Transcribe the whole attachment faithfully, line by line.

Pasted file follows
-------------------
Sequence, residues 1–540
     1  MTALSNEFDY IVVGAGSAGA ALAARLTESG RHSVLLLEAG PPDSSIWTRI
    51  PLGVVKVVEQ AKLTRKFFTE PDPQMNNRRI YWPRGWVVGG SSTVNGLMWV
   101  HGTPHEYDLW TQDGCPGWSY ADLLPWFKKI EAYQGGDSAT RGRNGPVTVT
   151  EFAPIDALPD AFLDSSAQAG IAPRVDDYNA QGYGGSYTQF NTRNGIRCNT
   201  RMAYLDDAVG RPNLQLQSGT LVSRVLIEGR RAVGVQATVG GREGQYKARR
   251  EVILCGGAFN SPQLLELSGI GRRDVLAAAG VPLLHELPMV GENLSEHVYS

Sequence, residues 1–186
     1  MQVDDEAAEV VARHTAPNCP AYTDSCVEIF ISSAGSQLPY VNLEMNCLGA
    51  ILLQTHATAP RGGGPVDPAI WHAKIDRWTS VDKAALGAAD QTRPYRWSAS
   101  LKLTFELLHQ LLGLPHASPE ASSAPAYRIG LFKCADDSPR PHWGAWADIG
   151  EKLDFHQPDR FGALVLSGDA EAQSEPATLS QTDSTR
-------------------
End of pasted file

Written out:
Sequence, residues 1–540
     1  MTALSNEFDY IVVGAGSAGA ALAARLTESG RHSVLLLEAG PPDSSIWTRI
    51  PLGVVKVVEQ AKLTRKFFTE PDPQMNNRRI YWPRGWVVGG SSTVNGLMWV
   101  HGTPHEYDLW TQDGCPGWSY ADLLPWFKKI EAYQGGDSAT RGRNGPVTVT
   151  EFAPIDALPD AFLDSSAQAG IAPRVDDYNA QGYGGSYTQF NTRNGIRCNT
   201  RMAYLDDAVG RPNLQLQSGT LVSRVLIEGR RAVGVQATVG GREGQYKARR
   251  EVILCGGAFN SPQLLELSGI GRRDVLAAAG VPLLHELPMV GENLSEHVYS

Sequence, residues 1–186
     1  MQVDDEAAEV VARHTAPNCP AYTDSCVEIF ISSAGSQLPY VNLEMNCLGA
    51  ILLQTHATAP RGGGPVDPAI WHAKIDRWTS VDKAALGAAD QTRPYRWSAS
   101  LKLTFELLHQ LLGLPHASPE ASSAPAYRIG LFKCADDSPR PHWGAWADIG
   151  EKLDFHQPDR FGALVLSGDA EAQSEPATLS QTDSTR